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In Old Cuernavaca

The city where celebrity homes become restaurants.


When I was a teenager growing up in Cuernavaca, I loved to eat at Las Mananitas. Every Friday night and every Sunday afternoon, I--along with most of the rest of the town--was there.

We would begin with a virgin Mary and appetizers in the magnificent garden, filled with plush green grass and wild peacocks roaming about while the sounds of parrots roosting in the enormous trees overhead filled the air.

Then we would move inside, to the shade of the covered halls and patios overlooking the garden, where we would sip the restaurant's special tortilla soup, eat blanco de Patzcuaro (a very delicate white fish from Michoacan) and finish with Kahlua and cream.

At the time, 40 years ago, it was my favorite restaurant in all of Mexico. It never seemed odd to me that the owner--Bob Krause--was an americano. In fact, many of the best restaurants in Cuernavaca have ties to foreigners, both from the North and from Europe.

From the 16th century conquistador Hernan Cortes to the 19th century Hapsburg emperor Maximilian to 20th-century expatriates such as the heiress Barbara Hutton of the U.S. and writer Malcolm Lowry of Canada, many famous foreigners have made their homes in Cuernavaca. One way or another, these celebrities have left their marks on the place. And, somehow, many of these landmarks end up with food connections.

Las Mananitas is only one example, albeit a particularly happy one. Krause was an entrepreneur who opened this restaurant in 1955. Las Mananitas operated as a cooperative in which everyone shared in the profits. Though he is sadly gone, the restaurant operates still, part of a luxurious Relais et Chateaux hotel with rooms that go for up to $400 a night.

The Hacienda of Atlacomulco, built by Cortes himself in 1535 as a sugar mill, is now a hotel named Hacienda de Cortes. Shaded by 400-yeaer-old amate trees, it's the perfect place for cocktails or cafe de olla--Mexican dark-roasted coffee made in an earthenware pot with a cinnamon stick and brown sugar.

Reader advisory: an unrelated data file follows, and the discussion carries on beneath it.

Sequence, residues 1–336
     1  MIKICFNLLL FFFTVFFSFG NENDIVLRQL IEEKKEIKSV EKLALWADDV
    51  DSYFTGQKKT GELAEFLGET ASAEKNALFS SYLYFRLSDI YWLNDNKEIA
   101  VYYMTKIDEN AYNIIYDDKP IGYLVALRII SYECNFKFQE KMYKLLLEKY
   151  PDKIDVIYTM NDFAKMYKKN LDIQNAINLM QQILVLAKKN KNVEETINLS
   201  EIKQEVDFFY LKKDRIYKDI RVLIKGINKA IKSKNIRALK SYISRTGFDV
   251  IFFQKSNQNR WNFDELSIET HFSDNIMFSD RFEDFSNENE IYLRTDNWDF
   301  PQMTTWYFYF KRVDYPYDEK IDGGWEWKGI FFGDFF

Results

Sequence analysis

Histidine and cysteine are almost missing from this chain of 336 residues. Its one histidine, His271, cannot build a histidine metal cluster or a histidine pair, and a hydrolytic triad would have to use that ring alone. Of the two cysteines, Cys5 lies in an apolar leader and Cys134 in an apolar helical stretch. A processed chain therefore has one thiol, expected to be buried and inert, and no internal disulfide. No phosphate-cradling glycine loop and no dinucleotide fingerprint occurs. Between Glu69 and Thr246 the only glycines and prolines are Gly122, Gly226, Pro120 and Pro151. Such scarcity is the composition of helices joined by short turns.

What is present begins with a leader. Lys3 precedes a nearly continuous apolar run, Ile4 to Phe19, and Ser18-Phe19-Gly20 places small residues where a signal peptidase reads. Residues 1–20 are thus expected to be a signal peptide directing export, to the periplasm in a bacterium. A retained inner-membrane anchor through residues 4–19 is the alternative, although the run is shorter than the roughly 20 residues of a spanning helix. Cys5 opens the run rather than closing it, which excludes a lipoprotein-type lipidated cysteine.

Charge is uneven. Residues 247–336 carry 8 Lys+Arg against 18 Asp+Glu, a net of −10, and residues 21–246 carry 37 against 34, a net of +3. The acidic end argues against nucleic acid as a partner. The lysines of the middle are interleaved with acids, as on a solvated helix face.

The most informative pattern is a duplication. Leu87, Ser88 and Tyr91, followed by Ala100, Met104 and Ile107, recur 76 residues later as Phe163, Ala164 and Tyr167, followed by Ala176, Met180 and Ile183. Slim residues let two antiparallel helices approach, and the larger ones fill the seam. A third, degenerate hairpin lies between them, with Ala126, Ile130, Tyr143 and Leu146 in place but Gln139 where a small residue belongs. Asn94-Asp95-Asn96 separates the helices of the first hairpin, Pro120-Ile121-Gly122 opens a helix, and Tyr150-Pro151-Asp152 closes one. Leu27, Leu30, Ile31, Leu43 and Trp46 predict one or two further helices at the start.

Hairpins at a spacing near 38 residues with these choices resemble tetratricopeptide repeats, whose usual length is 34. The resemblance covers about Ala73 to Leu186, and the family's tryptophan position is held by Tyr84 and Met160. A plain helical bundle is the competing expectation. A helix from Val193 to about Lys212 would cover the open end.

Three hundred years after Cortes, Maximilian and Charlotte also adopted Cuernavaca as a retreat. They would organize lavish parties with delicious French cuisine in the lush 18th century Borda Gardens.

Maximilian was also fond of wandering to the neighboring town of Acapatzingo, where he had a girlfriend, Concepcion Serrano, better known as La India Bonita: the Beautiful Indian Girl.

In 1933, a restaurant opened in Cuernavaca under the name La India Bonita, specializing in enchiladas of mole and cecina (jerky). La India Bonita is also known for squash blossom soup (sopa de flor de calabaza), steak in guajillo chile sauce (puntas de filete) and what they call Aztec steak (pachola molido en metate): steak ground in a mortar and served with a peanut and tomato sauce spicy with chile de arbol.

In 1992, after a series of moves, La India Bonita arrived at its current location, one that also has ties to foreign visitors--Casa Manana, which was built in 1928 by the American ambassador to Mexico, Dwight W. Morrow.

The story goes that a bricklayer named Pancho Rebollo built the house. Every weekend for seven months, Morrow would visit the site and ask Rebollo when he would finish. He would always say, "Manana, Mr. Ambassador." When the home was finally finished, a commemorative plaque was placed at the front entrance reading: "Casa Manana: built by Pancho, the bricklayer, 1928."

When it was his home, Morrow received many guests there, including politicians, artists and society people. Gen.Douglas MacArthur and Helena Rubinstein stayed at Casa Manana, and it was there that Charles Lindbergh and Ann Spencer Morrow, the ambassador's daughter, began the romance that led to their marriage.

The Morrows hosted elegant dinners beneath the shade of the guava tree in the first of seven patios. The Morrows were especially fond of summery tropical fruit juices: mango, papaya, cantaloupe, prickly pear, watermelon, guayaba, orange and cactus juice.

In the second patio, adorned with blooming bougainvillea, lime trees and white mulberry trees, they would sip their coffee. In front of an enormous natural stone fireplace, the Morrows would offer Cognac and almond pastries, rice pudding, fresh corn torte and chongos, a dessert of cooked milk curds.

In the 1950s, Hutton built a refuge in Cuernavaca. Japanese architects, who brought in the furniture, material and paintings from Japan, designed Zumiya, as the place was called. They even built a Kabuki theater, a front door replica of an ancient Japanese palace door and tea salons.

Today, her home--still called Zumiya--is a luxury hotel and restaurant that specializes in Mexican and international cuisine.

Lowry, who immortalized Cuernavaca in his novel "Under the Volcano," used to drink enormous quantities of mezcal in the town's cantinas, which are famous for botanas--snacks such as tacos de gusanos de maguey, filled with agave worms, considered a delicacy in Mexico.

Not surprisingly, perhaps, his house too is now a hotel, called Bajo el Volcan.

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